Society’s wealth comes from the labors of a million Jay Parkers, not from professional politicians who seem to know nothing about how strong economies are created and lack the commonsense to get out of way of men and women who create something great. (And yes, I believe a great deli, kosher or non-kosher, can, in some circumstances, be great as I do of any great idea or business that makes this world a better place.) The problem comes from a highly centralized mind frame. It is a way of governing that holds that Washington or a huge municipal government, as we have here in New York, should have more and more power.

The Scourge of Manhattan

Manhattan, the center of New York City, is the county of Broadway. It is the part of the city most tourists see. It is the place where the most important decisions are made and the bulk of city officials live. Even some of the officials born and raised in the outer boroughs tend to move to Manhattan once they attain high office and start lording it over we mere “provincials” living in the outer boroughs.

Actually, there is more than humor and sarcasm in that last sentence. Many of our public officials privately have contempt for those of us who live in Queens. They think we’re all Archie Bunkers.

Those living in Staten Island or the Bronx or Brooklyn are similarly, quietly, demeaned by the powers that be in city government and mainstream media.

We Make the Decisions. You Be Quiet and Pay

This is where Ben’s and thousands of other small businesses present and past come into the story. Decisions are made in Manhattan that have enormous effect on the outer boroughs. Our dysfunctional system of government ensures that there is little or no participation from the people who are affected.

Parker, the former owner of Ben’s, can testify to that. Oh, sure we have a New York City Council. But it meets in lower Manhattan. That is a long trip on our wretched state-run New York City subways for most city residents. The council meets during the day. That means most city residents, especially those from the outer areas, have little chance to attend.

Indeed, what average New Yorker, who has to pay some of the highest, most abusive taxes this side of King George III, has the time to go to a meeting of the New York City government? Very few, unless they are independently wealthy.

Why?

He or she has to work to pay for the endless spending of government. Oft times this average New Yorker has to work several jobs to maintain a decent standard for his or her family. By the way, this average New Yorker — there are far more New Yorkers living in outer boroughs than in Manhattan — usually lives outside of Manhattan because the rents are less outrageous than in the center of the city, where most of our ruling class resides.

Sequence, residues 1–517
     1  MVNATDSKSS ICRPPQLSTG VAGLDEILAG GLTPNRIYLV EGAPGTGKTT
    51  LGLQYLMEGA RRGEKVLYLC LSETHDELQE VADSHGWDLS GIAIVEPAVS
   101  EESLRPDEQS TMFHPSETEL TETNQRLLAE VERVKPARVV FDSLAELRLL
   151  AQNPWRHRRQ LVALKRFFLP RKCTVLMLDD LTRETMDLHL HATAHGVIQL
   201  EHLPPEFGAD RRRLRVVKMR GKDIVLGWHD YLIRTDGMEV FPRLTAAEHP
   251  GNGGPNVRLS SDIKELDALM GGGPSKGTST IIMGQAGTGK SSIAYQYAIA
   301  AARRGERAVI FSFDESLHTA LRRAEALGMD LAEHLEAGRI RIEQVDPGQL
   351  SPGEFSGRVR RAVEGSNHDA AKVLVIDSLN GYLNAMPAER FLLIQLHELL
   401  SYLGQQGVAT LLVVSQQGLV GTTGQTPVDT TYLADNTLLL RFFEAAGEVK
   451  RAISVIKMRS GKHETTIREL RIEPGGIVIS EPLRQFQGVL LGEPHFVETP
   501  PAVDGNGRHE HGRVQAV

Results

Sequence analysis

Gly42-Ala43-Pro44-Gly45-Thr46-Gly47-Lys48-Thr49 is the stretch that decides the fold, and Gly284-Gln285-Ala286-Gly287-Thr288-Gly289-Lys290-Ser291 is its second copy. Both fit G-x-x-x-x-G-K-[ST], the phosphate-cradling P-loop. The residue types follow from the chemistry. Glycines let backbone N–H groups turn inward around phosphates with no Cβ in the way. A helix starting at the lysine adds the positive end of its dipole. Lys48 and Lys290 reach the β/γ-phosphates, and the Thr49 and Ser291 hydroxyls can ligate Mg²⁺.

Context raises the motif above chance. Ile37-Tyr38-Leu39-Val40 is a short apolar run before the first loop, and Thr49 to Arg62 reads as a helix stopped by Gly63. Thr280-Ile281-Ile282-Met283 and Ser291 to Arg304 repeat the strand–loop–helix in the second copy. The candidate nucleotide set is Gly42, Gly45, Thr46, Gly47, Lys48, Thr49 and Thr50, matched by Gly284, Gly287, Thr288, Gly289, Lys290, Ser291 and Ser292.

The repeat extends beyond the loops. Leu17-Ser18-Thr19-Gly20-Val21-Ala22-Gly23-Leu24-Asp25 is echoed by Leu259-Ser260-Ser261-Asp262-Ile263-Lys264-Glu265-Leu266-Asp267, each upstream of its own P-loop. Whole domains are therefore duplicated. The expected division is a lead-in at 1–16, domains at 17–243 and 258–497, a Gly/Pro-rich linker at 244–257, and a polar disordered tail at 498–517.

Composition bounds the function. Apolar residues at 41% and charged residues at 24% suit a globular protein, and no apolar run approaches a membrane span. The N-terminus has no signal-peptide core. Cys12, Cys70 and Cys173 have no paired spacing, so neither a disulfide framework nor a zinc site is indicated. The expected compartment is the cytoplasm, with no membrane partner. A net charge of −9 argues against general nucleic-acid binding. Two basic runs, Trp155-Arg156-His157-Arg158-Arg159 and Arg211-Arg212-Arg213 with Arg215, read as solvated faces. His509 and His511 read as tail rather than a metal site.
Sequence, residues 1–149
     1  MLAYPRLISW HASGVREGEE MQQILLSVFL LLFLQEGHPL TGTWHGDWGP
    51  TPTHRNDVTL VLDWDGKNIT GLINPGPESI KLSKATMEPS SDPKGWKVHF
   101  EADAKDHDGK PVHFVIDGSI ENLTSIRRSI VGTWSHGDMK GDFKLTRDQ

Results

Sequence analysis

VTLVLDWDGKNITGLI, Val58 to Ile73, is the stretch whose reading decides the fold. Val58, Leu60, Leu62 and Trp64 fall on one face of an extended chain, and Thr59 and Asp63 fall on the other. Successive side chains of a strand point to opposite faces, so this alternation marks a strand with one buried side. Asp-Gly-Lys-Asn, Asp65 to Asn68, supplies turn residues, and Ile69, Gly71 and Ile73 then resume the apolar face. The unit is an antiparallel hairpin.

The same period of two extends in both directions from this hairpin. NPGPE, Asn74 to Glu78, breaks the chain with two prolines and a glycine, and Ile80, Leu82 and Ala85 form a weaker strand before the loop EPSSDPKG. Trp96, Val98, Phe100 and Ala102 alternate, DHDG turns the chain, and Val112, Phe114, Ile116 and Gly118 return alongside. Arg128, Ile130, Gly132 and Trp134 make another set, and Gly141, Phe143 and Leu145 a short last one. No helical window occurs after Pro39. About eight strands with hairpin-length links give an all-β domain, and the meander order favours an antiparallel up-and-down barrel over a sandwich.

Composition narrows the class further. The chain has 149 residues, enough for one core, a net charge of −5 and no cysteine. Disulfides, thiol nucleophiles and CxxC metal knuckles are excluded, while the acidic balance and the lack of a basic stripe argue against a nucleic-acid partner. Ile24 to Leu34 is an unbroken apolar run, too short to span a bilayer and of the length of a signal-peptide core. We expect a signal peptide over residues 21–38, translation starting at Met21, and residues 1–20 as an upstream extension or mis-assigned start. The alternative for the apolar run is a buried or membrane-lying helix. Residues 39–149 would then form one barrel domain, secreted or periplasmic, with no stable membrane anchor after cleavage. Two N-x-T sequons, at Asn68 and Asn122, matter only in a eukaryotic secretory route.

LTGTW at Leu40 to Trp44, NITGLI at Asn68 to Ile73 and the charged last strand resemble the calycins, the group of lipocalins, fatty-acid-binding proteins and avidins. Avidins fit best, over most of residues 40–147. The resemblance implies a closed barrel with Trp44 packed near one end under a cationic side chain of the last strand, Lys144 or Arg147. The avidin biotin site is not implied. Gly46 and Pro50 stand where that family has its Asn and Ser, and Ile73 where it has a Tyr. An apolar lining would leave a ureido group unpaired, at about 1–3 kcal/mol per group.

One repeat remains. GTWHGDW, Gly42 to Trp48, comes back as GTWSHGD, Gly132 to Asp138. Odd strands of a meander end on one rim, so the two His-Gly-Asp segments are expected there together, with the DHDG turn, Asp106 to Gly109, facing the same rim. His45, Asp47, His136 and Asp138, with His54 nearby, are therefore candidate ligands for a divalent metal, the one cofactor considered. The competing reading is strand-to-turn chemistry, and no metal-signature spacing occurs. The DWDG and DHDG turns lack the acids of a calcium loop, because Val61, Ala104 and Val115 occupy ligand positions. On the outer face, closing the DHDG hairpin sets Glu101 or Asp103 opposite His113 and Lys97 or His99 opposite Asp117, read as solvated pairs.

However, aren’t there public officials to represent each borough? Yes, but…

Don’t Forget Borough Presidents

Each of the five boroughs has a borough president and under previous city charters they had power when there was something called the Board of Estimate, which had similar powers to the City Council. But the Board and those powers are gone. Today borough presidents are generally second-rate or third-rate career pols. They are usually looking to use the borough president post as a last payday to increase their retirement pay or as a stepping stone to higher office. The borough president post has had some ignominious occupants.

One of our most notorious Queens Borough presidents was Donald Manes who, as he was caught stealing in the 1980s, committed suicide. Before that, he previously was in the running to become the next governor of New York. That seems appropriate since our state government is famous for having some of most venal public officials in history. Many of these Tweeds were members of a Black Horse Cavalry that would try to steal anything not nailed down.

Hey, We Can Also Steal!

But the city itself has been no slouch in providing its share of crooks, with both major parties represented in the Big Apple Hall of Shame. Indeed, if you ever come to New York City and visit our city hall in Manhattan, be sure to look on the other side of the building. There, one will find the infamous Tweed courthouse, built in the 19th century. It was one of the most expensive public buildings in history. It is a testament to what our pols, yesterday and today, do to the forgotten men and women who pay the bills. I have written about this before.

So the average taxpayer must pay the bill for the political sharpie class, most of whom don’t even live among the people they rule in the outer boroughs. This ruling class, not happy with picking their pockets every day, enact policies that wreck many of their businesses.

Vaya con dios, Ben’s Best. You were great. But what must be done is end the madness of centralized rule from Manhattan; from all the Manhattans in our country, the politically centralized governments that wreck people’s lives. I believe we need radical decentralization in all levels of government. Let’s begin here in the Rancid Apple.

Gregory Bresiger (GregoryBresiger.com) is an independent business journalist who lives in Kew Gardens, Queens, New York. He is the author of MoneySense, a forthcoming book of basic of money management with a libertarian point of view.

Note: The views expressed on Mises.org are not necessarily those of the Mises Institute.